Nasrallah's Next Move: Not In Terms Of Avenging Himself Against Israel But Rather In Terms Of Saving Face
22 January 2015
By Tariq Alhomayed
A few days ago, Hassan Nasrallah vowed that the axis of resistance—Iran,
Syrian President Bashar Al-Assad, and Hezbollah—will not stand idly by in the
face of Israeli strikes against Assad's regime. What is Nasrallah's position
now after the painful and humiliating Israeli airstrikes targeting leaders
from his very own group in Syria?
Nasrallah has found himself in an increasingly difficult position. It is not
just the question of Tel Aviv embarrassing Nasrallah in front of Arab public
opinion, particularly when the extent of the crimes that Hezbollah has
committed in Syria in defense of the Assad regime is something that all Arabs
are well aware of. Rather, Nasrallah is facing a predicament within Hezbollah
and among his followers. This is certainly the greatest humiliation that
Israel has dealt Nasrallah in recent history. Tel Aviv's targeting of senior
Hezbollah and Iranian commanders in the Golan Heights, including Imad
Mughniyah's son, can only be viewed as a provocation. The timing of this
operation, just days after Nasrallah threatened to retaliate against any
Israeli attack, is particularly striking. The intelligence that Israel used
to carry out the attack, which targeted a number of senior figures, proves
that Tel Aviv has infiltrated Hezbollah more than anyone could have imagined
and comes despite the group's earlier announcement that it had uncovered an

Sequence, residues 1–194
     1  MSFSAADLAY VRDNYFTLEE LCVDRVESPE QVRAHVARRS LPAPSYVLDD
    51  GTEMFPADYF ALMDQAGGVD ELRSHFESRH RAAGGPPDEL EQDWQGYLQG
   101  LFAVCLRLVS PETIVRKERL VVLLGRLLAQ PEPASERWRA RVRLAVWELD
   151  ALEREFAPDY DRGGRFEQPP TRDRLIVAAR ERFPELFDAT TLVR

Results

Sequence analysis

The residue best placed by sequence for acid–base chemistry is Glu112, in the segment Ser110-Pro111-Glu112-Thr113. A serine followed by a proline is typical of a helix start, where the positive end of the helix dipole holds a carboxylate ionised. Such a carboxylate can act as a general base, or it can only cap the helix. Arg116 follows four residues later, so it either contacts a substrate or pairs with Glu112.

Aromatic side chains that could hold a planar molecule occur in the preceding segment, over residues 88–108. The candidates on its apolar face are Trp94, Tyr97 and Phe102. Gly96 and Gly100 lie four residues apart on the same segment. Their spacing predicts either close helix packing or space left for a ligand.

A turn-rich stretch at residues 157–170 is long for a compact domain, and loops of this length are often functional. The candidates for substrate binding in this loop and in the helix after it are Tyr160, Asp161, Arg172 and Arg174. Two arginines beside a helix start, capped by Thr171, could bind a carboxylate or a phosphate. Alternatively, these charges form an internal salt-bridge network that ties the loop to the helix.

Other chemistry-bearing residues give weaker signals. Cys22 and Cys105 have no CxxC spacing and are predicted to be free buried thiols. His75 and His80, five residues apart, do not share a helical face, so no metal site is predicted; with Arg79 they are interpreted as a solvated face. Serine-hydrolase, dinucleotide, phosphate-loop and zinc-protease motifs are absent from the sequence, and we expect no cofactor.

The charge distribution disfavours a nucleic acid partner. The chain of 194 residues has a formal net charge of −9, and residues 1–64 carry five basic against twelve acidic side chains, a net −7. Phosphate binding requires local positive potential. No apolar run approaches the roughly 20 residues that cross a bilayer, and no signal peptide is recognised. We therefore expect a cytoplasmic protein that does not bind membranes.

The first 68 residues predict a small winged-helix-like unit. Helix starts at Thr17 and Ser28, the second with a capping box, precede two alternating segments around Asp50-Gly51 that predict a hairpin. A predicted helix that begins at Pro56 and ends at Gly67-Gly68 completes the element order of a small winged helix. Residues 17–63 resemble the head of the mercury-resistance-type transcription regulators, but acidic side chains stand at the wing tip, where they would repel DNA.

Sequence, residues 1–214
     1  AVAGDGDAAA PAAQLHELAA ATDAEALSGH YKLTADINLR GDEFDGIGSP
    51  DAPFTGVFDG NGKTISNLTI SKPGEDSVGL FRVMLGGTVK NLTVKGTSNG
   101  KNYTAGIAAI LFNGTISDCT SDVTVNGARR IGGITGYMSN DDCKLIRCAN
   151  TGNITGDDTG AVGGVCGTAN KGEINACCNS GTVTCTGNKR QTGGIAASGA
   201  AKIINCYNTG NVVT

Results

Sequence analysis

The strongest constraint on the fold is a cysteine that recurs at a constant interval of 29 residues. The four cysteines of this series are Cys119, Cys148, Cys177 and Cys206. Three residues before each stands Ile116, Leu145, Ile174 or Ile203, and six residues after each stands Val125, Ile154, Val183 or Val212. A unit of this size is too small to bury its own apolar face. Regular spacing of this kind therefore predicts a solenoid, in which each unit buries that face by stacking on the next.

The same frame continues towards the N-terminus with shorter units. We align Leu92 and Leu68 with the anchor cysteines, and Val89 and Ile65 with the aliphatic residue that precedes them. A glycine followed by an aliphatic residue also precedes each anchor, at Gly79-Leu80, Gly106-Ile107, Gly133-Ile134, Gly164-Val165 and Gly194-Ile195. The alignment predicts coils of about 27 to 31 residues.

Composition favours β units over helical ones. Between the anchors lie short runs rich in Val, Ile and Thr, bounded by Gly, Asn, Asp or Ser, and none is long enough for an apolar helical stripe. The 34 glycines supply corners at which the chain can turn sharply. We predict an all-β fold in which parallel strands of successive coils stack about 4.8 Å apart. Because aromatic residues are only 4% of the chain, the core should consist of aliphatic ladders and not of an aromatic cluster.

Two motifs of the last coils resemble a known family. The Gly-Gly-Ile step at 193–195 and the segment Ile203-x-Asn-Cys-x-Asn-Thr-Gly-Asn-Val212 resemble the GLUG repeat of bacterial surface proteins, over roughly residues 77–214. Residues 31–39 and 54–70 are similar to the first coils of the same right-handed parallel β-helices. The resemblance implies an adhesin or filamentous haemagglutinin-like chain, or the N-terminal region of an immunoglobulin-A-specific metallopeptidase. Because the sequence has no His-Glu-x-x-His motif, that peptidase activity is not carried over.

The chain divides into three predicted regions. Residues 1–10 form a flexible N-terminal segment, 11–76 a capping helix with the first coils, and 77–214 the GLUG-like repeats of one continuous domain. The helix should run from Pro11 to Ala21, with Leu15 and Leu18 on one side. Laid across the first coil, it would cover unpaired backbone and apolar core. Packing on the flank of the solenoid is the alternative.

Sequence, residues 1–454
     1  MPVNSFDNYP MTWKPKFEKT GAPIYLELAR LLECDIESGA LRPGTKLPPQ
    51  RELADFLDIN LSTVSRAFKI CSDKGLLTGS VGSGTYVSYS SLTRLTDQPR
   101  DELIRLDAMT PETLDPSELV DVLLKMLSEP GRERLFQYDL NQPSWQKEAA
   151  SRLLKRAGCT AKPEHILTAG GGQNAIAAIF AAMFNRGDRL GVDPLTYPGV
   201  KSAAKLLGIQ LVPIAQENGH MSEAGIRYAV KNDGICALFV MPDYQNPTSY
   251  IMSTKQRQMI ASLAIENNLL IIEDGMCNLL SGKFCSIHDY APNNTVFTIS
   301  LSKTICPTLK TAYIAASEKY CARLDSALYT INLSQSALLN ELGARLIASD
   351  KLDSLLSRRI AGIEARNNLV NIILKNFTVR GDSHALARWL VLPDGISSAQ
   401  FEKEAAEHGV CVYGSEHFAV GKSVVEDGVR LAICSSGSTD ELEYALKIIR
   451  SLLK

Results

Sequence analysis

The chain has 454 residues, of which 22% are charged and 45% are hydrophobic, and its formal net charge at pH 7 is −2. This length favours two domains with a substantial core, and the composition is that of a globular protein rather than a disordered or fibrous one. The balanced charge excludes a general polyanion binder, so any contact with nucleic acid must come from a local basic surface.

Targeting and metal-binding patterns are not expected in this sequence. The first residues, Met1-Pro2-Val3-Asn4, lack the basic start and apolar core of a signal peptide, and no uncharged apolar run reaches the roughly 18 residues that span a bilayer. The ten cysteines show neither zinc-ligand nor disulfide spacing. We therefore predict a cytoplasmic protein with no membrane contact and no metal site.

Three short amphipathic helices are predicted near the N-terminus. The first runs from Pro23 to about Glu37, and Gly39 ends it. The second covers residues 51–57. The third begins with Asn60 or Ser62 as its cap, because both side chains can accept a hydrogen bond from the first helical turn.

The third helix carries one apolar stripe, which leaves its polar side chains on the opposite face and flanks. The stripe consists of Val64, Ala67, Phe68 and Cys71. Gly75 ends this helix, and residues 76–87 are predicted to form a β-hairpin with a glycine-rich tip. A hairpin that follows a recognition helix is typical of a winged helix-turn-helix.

Israeli agent operating within its ranks.
So what will Nasrallah do now, not in terms of avenging himself against
Israel but rather in terms of saving face in front his group and followers?
Will he swallow this bitter Israeli strike which resulted in the death of the
son of Imad Mughniyah, who himself was killed at the hands of Israel? Can he
possibly pretend to not have issued those defiant threats just days ago?
Will he simply sit back and accept his defeat in front of Hezbollah and his
followers, or will he launch a new war against Israel, knowing deep down that
no one is now willing to come and rescue him? At this point we should
remember that despite all the propaganda speeches in which he accused Arab
countries of treason, Nasrallah came out in 2006—during Hezbollah's war with
Israel—to beg those who ''love Lebanon'' to stop the war, which, once it came
to an end, he dubbed a ''divine victory.''
What will Nasrallah do now, given his limited options and the fact that Iran
is keener to negotiate with the US than place these nuclear negotiations in
jeopardy by helping him?
Nasrallah said that any Israeli airstrikes on Syria represented a strike
against the entire ''axis of resistance.'' He stressed that any strikes would
not go ''unanswered,'' claiming to speak not just for Hezbollah but the
entire so-called ''axis of resistance.'' So, now that the airstrikes have
fallen, we must await Nasrallah's next move . . .
Tariq Alhomayed is the
Editor-in-Chief of Asharq Al-Awsat, the youngest person to be appointed that
position. He holds a BA degree in Media studies from King Abdul Aziz
University in Jeddah, and has also completed his Introductory courses towards
a Master's degree from George Washington University in Washington D.C. He is
based in London.